Cider has been gaining popularity in recent years and is experiencing a boom in artisan and craft production. This spike in attention has resulted in a concomitant rise in interest among home beverage makers. Home cider making is easy, fun, and produces delicious rewards. This refreshing beverage is great for those times when you want something light and crisp, with a touch of acidity balanced by sweetness. Cider is also great to have around when you know someone who has a gluten sensitivity or just doesn’t care for beer or wine.
The Brewer’s Best line of kits recently released a number of cider kits that I’ve been pretty pleased with. They’re easy to make, produce a very nice volume of cider (6 gallons!), and require very little to pull off. I’ve made the Apple and the Pear kits for sampling at the Carrboro location and both have been big hits. However, I wanted to find a way to play around with them and make them a little more exciting. I have long been intrigued by the idea of making a hopped cider and have read about this being an upcoming trend in cider making. I’ve had a few commercial examples.and haven’t quite come across one that I really enjoy. So, I thought I’d give it a try with one of the Brewer’s Best Apple Cider Kits.
The concept was simple: make and ferment 6 gallons of cider per the directions, keg 3 gallons after fermentation, and then dry-hop the remaining 3 gallons. This split-batch approach allows me to serve samples of both the dry-hopped and unadulterated cider side-by-side so that people can really see what impact the hopping had. I decided to keep it simple and go with 1 oz of whole cone Citra hops for 7 days. You may remember Citra from an earlier blog article discussing its origin and flavor profile. The experiment turned out to be a grand success and the Citra Hopped Cider is a real treat. It was so good that I decided to share the idea and process with any and everyone who may like to try it on their own.
What you need
The beauty of the cider kits is that they require very little time, energy, and equipment to execute. The entire six gallon batch can be prepared for fermentation in approximately 15 to 20 minutes and requires only a few odds and ends to ferment and bottle. Those of you who have been fermenting beer or wine will already have the requisite materials for this process. The rest of you can find what you need at your local Fifth Season Gardening Company or on our webstore,
- Brewer’s Best Apple Cider Kit– This is the center of your recipe and will contain most of the ingredients and the entirety of the instructions for the primary fermentation.
- 6.5 gallon fermentor– Most people will end up using a brewing bucket or carboy to cover this base. However, the 7.9 gallon Speidel would also be a very nice option here. You’ll also need an airlock (and bung for the carboy) to seal off your fermentor.
- 3 gallon fermentor (optional)- You’ll only need this if you want to split the batch as well. I used a 3 gallon glass carboy.
- Sanitizer– Having a good sanitizer on hand is critical for ensuring that there are no contaminations when you’re preparing your must (unfermented cider). I recommend using Star San but there is also IO Star, Star San is easier to use and has the added benefit of foaming to increase the sanitizer’s ability to cover surface area while minimizing the amount of solution needed to accomplish that.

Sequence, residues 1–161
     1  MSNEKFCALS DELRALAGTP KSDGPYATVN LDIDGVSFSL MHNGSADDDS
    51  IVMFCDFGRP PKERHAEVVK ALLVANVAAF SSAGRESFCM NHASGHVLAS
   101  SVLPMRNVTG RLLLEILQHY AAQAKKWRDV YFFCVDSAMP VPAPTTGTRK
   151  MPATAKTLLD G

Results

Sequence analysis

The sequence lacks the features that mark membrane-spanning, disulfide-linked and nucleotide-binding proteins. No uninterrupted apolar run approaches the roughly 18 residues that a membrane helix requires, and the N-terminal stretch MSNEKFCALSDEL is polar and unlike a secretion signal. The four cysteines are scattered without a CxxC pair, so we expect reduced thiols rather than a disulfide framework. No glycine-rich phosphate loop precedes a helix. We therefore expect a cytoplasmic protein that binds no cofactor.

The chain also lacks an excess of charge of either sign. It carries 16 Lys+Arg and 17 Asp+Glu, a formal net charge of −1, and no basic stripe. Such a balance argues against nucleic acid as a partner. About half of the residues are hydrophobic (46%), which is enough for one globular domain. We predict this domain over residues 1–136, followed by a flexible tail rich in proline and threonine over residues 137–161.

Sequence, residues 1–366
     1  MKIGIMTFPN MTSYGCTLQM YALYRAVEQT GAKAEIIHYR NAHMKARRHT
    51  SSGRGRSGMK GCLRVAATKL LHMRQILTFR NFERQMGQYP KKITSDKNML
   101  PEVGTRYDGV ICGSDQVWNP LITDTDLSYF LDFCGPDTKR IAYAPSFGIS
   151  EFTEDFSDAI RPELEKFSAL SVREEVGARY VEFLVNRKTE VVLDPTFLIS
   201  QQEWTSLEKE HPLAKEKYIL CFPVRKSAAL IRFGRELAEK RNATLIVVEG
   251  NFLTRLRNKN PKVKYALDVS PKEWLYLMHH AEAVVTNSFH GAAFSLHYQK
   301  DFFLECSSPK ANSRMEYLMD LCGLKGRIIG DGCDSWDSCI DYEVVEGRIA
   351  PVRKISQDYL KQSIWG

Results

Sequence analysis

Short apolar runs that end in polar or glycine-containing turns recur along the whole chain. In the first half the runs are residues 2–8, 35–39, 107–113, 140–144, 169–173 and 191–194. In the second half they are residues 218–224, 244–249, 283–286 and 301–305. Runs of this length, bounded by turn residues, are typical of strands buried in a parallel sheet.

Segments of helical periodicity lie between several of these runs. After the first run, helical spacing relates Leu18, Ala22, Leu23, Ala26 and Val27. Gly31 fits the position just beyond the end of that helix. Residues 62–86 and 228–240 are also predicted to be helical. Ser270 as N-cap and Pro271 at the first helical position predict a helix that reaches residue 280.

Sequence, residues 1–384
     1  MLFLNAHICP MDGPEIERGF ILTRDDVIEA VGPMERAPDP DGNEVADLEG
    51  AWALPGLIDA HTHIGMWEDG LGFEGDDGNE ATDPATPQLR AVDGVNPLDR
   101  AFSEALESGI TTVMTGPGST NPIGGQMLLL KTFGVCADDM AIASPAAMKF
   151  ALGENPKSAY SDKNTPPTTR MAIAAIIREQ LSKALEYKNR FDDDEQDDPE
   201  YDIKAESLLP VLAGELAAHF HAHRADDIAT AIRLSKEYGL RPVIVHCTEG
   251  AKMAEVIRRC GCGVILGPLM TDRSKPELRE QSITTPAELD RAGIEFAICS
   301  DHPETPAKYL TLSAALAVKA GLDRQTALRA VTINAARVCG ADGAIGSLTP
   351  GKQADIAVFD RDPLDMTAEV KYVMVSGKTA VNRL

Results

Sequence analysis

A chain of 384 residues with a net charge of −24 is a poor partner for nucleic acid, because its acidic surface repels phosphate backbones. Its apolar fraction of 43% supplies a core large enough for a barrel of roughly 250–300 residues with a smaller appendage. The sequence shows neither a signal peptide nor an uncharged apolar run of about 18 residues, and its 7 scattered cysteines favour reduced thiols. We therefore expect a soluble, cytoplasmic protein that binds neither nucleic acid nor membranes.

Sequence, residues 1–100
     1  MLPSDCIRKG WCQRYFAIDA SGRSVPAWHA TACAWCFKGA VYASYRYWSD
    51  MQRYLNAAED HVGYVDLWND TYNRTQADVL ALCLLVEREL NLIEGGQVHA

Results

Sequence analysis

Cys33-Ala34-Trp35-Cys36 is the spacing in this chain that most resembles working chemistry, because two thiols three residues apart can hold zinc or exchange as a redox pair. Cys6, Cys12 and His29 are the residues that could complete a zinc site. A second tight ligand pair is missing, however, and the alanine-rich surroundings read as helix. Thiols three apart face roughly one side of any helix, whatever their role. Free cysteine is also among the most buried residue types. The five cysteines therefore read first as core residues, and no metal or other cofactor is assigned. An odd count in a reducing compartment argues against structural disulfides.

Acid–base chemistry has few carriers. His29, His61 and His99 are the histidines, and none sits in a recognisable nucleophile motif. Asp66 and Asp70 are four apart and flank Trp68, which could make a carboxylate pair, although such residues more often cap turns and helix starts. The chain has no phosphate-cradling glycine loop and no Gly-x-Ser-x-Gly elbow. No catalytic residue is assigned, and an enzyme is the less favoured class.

- Minimum 8 quart pot– You’ll need a small pot to heat the water for the sugar mix and I wouldn’t go with anything smaller than 8 quarts (2 gallons).
- Auto-Siphon– This has proven to be an indispensible piece of brewing equipment. The auto-siphon not only makes any racking or transferring very quick and easy, it also doubles as a thief for taking samples during fermentation. Simply remove the inner tube and it’s good to go.
- Spoon/Paddle– This is what you’ll do your stirrin’ with. If you don’t have a plastic or metal spoon/paddle on hand then we’ve got a wide selection to choose from.
- Thermometer– It’s good to have a thermometer on hand just so that you can ensure that you’re pitching your yeast at the appropriate temperature.
- Corn Sugar– The kits call for an additional 2 lbs of corn sugar in order to bring the original gravity of the cider up.
What you’ll need to do
This part is very simple. The cider kit will come with a complete set of instructions for making and fermenting your batch of cider. All you have to do is follow those instructions through the fermentation phase and then dry-hop the cider after 14 days in the primary fermentor. You will want to add 2 oz of your desired hop for to the full 6 gallon batch and leave it for 7 days. Then bottle the cider per the kit’s instructions. If you decide that you want to bottle your batch then you’ll need a bottling bucket, spigot, bottling wand, corn sugar, and some bottles/caps. There’s also the kegging option.
What you can expect
The dry-hopped cider has a very very nice aromatic profile from the Citra and includes notes of pink grapefruit juice, citrus rind, and apple skins. There’s also a noticeable difference in the head retention between the two. The oils from the hops aid in head retention, and that definitely shows in the pour. (Fig. 1)
All in all, this was definitely the easiest split-batch that I’ve done and probably one of the most rewarding. There are certainly times when you wish you hadn’t taken 3 gallons of perfectly good beverage and turned it into an abomination by tossing some ill-advised ingredient into it….but this wasn’t one of them. I was very pleased with the results and will definitely be replicating them for personal consumption!